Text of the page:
Standing in the middle of a path lined with wild flowers, and the sun blazing unforgiving on my face, I took the deepest breath of my life.
I inhaled pine and palm, sky, and lake. I concentrated on the beads of sweat dripping into the small of my back and acknowledged the pain in my right calf from too many fractures and Achilles ruptures.
I gave thanks to my body for surviving me. I gave thanks to my mind for surviving me.
I gave thanks that I was able to stand in this place, at this time, and take in that deep breath. I exhaled and forgave myself for the last year, for my failures, for everything I put myself through.
How does one come to this place? The place in life where we have to choose between what feeds our souls and what we have to do to feed our families? Why was it ever necessary to make it a choice: one or the other?
Why do we take the simplest things and make them so complicated?
I want to:
>> climb trees
>> run on the beach
>> swing in the park
>> laugh and blow bubbles
>> go to the fair
>> feel the wind on my face from the back of a motorcycle
>> jump into a cold lake off a long pier
>> wander in a forest and find magic at night
>> pretend that lightening bugs are fairies
and skip rocks across a calm surface.
I want to roast marshmallows—and I don’t even really like them, but I want to feel the warmth of them smoosh around chocolate squares and smell graham crackers over an open fire. I want to play hide and seek. I want to cheat and peek through my fingers and count to 100 really, really fast.
“1, 2, 3, 4, 20, 55, 79, 100!!!”
There is no part of me that longs to sit behind a desk crunching numbers, no part of me that wants the harsh florescent lights of an overhead office to replace the warmth of the sun on my face. There is no part of you that wants that either.
So why do we do it?
Why did we make our lives so complicated? So unhappy? So demanding, just to survive in a concrete constructed house with pretty bathroom towels we aren’t allowed to touch?
When did we decide that the logo imprinted on the vehicle that we drive is more important than the imprint of our hearts?
This life is hard as it is. When did we decide to make things harder?
Heartache, losing a job, health concerns, divorce, struggling to make ends meet, raising children—all of these things present unique challenges.
Why did we stop believing in ourselves?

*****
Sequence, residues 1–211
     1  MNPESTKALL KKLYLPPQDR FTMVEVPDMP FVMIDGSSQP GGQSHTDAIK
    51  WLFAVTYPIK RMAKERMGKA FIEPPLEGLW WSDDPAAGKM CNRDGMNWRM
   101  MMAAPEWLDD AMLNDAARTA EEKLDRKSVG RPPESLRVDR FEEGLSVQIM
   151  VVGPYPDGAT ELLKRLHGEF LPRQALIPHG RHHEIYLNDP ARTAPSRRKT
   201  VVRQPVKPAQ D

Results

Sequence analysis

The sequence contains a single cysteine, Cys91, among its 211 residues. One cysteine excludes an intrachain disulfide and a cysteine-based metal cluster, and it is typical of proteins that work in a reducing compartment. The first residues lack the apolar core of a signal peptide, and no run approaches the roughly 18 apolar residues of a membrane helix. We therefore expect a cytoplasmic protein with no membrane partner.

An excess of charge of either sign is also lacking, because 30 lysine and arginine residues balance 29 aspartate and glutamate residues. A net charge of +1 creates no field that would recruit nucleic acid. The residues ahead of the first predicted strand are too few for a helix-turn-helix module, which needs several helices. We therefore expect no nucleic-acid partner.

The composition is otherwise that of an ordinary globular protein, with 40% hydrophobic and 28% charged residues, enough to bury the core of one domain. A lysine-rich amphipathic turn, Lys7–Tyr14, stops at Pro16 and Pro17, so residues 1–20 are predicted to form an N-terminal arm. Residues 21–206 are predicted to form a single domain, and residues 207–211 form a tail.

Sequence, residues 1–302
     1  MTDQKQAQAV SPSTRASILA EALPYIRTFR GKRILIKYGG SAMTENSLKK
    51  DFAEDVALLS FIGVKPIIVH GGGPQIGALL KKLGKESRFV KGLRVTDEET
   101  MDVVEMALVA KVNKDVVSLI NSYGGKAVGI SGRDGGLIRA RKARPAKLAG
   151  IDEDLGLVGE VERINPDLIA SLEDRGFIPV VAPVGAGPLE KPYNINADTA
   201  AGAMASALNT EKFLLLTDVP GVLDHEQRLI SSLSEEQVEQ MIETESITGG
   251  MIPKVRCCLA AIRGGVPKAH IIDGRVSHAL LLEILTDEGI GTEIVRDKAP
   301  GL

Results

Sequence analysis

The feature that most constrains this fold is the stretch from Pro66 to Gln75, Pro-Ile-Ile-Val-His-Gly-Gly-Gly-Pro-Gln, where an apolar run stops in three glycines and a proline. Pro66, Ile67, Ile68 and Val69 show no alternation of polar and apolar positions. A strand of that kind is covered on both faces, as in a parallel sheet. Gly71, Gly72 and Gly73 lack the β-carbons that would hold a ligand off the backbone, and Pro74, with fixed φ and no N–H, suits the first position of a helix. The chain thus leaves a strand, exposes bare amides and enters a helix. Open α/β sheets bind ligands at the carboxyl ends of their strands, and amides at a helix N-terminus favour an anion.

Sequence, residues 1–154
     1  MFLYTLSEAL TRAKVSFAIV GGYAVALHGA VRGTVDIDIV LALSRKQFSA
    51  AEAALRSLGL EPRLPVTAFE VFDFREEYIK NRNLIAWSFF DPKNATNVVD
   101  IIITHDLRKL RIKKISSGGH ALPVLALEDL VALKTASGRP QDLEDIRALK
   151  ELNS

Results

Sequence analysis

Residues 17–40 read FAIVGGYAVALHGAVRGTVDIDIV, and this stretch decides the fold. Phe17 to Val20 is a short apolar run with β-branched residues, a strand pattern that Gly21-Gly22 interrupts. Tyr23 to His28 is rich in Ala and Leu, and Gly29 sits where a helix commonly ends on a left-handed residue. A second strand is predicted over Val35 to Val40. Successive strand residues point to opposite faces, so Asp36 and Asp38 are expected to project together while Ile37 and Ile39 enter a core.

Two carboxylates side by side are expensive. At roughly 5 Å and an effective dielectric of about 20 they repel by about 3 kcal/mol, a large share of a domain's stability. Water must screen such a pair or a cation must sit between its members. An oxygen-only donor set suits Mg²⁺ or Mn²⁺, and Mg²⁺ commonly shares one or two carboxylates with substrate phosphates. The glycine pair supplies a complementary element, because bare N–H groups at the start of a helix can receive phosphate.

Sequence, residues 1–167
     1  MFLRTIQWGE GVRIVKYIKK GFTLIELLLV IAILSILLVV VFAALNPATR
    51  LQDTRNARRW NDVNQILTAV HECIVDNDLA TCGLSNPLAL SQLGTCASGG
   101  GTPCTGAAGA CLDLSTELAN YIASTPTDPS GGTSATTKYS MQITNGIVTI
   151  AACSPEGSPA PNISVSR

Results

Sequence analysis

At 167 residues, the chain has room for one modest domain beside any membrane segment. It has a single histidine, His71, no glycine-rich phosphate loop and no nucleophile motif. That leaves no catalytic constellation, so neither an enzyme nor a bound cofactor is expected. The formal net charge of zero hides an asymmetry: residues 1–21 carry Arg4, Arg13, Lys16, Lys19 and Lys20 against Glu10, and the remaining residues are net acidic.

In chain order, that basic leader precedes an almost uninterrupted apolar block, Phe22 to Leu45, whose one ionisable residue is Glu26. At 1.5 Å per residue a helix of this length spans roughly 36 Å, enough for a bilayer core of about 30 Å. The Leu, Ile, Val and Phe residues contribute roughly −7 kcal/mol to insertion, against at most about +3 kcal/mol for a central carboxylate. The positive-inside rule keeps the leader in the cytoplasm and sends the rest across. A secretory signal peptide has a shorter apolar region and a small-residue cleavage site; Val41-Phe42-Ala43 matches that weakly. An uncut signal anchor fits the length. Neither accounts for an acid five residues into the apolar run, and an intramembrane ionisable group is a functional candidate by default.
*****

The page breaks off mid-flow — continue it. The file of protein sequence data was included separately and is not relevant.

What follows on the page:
Why did we stop doing the things that made us happy?
When was the last time you pumped legs on a swing set? The last time you blew bubbles, just for you?
I realize that the world has been designed for us to believe that growing up means getting an education, and a respectable job, and becoming a contributing member to society—getting married, settling down, having children, and buying a house.
For some people, that is happiness.
But what about people like you and me, who aren’t content with following society’s rules for a happy life? What do we do to keep magic in our lives?
Here’s my best suggestion: make time to find wonder in everyday life.
My friends and I hold full moon masquerade dinners on the beach. We celebrate made-up holidays and create traditions.
We make it a point to seek out obscure festivals, embrace art and culture, and sometimes, we simply share pictures of sunrise or sunset from different vantage points around our small town.
You can find magic. You can find wonder. You can make anything memorable.
Set challenges for yourself.
Remember when you were a kid and you saw animals in the clouds? Do that. Look at the sky again the way you did as a child. See the world with fresh eyes every single day, and take nothing for granted.
In this new world of mass shootings, violence, and divisiveness, find something common and make it extraordinary.
Give thanks for every moment because this life is what we make of it.
We may not be able to go off grid and be kids again but we can remember what it’s like.
Why not hold your own full moon party once a month? Or challenge your friends creatively. Give them an opportunity to display talents they may have buried in boxes of high school memories. Have story night, light a fire, sip some whiskey and bare your soul. My girlfriends and I have potluck pajama parties just for the hell of it.
You can find ways to get back little bits of who you were before the world told you who you should be.
We all have the ability to capture tiny pieces of wonder like lightening bugs in a jar on a warm summer night—as long as we are willing to venture outside.
Author: Christie Page
Editor: Jen Schwartz
Copy Editor: Callie Rushton
Source: Elephant Journal